Marriage Relationships and Their Healthy Characteristics: Part 3


In Parts 1 and 2 of this series, we reviewed the characteristics of healthy and unhealthy marriage relationships. For some of you, understanding the dysfunctional characteristic of an unhealthy marriage relationship may have become a call to action to do something different in your relationship.

You have many different options when it comes to seeking help for your marriage. Finding the options that are the best fit for your marriage is the key.

Most couples find it helpful to participate in or use more than just one option.  There is one caveat, you have to be willing to do things differently to experience change.

  • Marriage self-help books: There have been many books written on how to improve your relationship and they often work well when combined with one of the more hands-on interventions listed below.  Here are three of my favorites:
  • Peer-led marriage groups and mentor programs: Many churches offer programs to strengthen marriages. These are usually led by a member and not necessarily professionals. These programs usually follow a structured format. This option is ideal for marriages needing enrichment. However, marriages that are experiencing crisis may need professional intervention in the form of marriage counseling.
  • Marriage workshops or retreats: These programs are generally led by professional counselors or therapists. They are normally more intensive than a peer-led program, but they generally do not provide one-on-one counseling with a couple. Therefore, once again, for a couple experiencing crisis, the next option may be a better fit.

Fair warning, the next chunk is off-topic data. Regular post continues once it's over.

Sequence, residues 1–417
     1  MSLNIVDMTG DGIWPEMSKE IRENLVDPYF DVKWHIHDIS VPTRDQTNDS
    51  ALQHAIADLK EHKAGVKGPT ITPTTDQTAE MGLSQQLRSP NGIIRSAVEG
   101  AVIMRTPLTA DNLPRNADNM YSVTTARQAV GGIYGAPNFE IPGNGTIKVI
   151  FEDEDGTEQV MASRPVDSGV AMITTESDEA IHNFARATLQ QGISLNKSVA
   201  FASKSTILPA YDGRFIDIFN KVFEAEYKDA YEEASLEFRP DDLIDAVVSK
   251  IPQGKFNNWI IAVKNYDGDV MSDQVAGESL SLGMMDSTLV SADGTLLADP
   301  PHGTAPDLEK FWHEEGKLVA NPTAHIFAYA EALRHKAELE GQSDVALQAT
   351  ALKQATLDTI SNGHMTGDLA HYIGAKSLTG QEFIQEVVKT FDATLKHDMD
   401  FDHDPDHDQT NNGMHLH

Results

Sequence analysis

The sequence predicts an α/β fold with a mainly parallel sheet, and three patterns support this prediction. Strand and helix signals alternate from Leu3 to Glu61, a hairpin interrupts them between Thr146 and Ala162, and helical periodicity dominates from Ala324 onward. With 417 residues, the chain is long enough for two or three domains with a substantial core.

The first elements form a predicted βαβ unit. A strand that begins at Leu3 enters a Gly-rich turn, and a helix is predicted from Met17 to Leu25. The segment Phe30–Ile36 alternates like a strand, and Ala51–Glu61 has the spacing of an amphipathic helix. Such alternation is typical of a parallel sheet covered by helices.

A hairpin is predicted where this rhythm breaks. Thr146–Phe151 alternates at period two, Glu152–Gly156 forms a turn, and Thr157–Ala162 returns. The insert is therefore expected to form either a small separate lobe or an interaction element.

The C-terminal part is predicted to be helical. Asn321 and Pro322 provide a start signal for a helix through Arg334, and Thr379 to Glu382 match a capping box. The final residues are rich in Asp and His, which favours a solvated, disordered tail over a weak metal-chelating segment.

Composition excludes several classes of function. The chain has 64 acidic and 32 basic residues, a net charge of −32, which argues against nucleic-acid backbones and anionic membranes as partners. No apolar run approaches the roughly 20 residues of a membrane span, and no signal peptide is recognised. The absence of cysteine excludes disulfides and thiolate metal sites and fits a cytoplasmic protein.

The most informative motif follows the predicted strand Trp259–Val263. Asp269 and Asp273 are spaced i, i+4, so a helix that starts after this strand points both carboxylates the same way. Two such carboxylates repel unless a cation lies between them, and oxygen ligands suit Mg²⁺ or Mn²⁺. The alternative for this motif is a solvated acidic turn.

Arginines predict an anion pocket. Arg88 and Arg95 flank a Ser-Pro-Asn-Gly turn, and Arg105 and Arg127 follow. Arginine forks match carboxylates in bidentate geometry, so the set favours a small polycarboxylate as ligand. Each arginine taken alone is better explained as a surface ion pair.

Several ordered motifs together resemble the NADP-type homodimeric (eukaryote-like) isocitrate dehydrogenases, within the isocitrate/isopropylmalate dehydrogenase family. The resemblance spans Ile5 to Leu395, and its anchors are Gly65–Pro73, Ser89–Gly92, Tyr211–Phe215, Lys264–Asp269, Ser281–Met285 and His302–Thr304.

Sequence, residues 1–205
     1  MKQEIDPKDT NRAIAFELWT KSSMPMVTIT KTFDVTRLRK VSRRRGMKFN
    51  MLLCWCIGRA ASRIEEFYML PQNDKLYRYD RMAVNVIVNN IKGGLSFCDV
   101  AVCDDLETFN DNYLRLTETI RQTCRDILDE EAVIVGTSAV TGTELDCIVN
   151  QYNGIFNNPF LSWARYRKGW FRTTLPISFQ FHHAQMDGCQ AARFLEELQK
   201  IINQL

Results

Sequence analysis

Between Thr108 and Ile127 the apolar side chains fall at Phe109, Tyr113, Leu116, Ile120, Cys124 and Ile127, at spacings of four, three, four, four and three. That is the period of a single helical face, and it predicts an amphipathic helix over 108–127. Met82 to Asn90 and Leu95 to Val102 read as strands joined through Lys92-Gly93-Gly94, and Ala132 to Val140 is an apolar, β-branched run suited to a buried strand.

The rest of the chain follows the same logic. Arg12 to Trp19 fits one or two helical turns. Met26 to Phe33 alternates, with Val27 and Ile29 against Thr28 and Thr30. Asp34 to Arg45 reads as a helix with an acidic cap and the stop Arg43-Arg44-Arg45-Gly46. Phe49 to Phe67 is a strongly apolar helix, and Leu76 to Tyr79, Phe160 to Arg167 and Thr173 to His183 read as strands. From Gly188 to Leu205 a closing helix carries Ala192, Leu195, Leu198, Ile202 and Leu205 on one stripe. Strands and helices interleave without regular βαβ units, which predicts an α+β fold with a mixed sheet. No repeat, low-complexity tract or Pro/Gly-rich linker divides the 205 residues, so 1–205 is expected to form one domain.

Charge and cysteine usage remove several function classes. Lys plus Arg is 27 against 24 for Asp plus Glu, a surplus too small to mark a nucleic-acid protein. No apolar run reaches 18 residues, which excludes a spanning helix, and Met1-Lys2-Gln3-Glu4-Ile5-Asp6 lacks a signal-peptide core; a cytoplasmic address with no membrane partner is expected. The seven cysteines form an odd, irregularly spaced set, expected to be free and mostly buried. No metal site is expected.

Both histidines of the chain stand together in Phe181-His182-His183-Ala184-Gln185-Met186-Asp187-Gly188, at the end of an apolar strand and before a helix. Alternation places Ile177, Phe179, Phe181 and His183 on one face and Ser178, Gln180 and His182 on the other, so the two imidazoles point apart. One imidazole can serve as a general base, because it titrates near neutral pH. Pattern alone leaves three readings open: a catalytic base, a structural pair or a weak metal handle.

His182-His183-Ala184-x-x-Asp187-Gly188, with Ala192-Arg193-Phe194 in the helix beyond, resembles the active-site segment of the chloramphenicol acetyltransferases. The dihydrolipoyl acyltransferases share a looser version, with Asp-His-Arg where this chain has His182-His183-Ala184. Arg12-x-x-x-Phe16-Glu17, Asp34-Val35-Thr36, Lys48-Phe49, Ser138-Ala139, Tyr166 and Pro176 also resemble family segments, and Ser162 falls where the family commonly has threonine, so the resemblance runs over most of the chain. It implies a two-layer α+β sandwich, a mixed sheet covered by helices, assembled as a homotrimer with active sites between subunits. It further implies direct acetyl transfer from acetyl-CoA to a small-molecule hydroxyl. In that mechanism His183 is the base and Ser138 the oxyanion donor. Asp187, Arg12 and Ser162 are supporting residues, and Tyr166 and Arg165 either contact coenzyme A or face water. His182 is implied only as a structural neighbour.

• Marriage counseling: Marriage counseling is conducted in a one-on-one setting with a professional counselor or therapist. While each couple may have slightly different goals with regard to therapy, an overarching theme of marriage counseling is to help the couple break through the dysfunctional patterns and reconnect with one another.
  • Couple’s Intensive: With intensive counseling, the couple works individually with a therapist in extended sessions in the office, usually over a couple of days. In two days, the couple has the opportunity to do the work that would normally take weeks or months to complete.  The extended sessions allow couples to dive deep into the issues that are most important to them without the starting and stopping of a traditional structure of marriage counseling.

Are you getting married soon? Having trouble finding time in both your busy schedules to fit in pre-marriage counseling? Want to prioritize the health of your marriage? We have several counseling options that might be a great fit for you and your partner!

Written By: Jackie Dunagan, LAMFT

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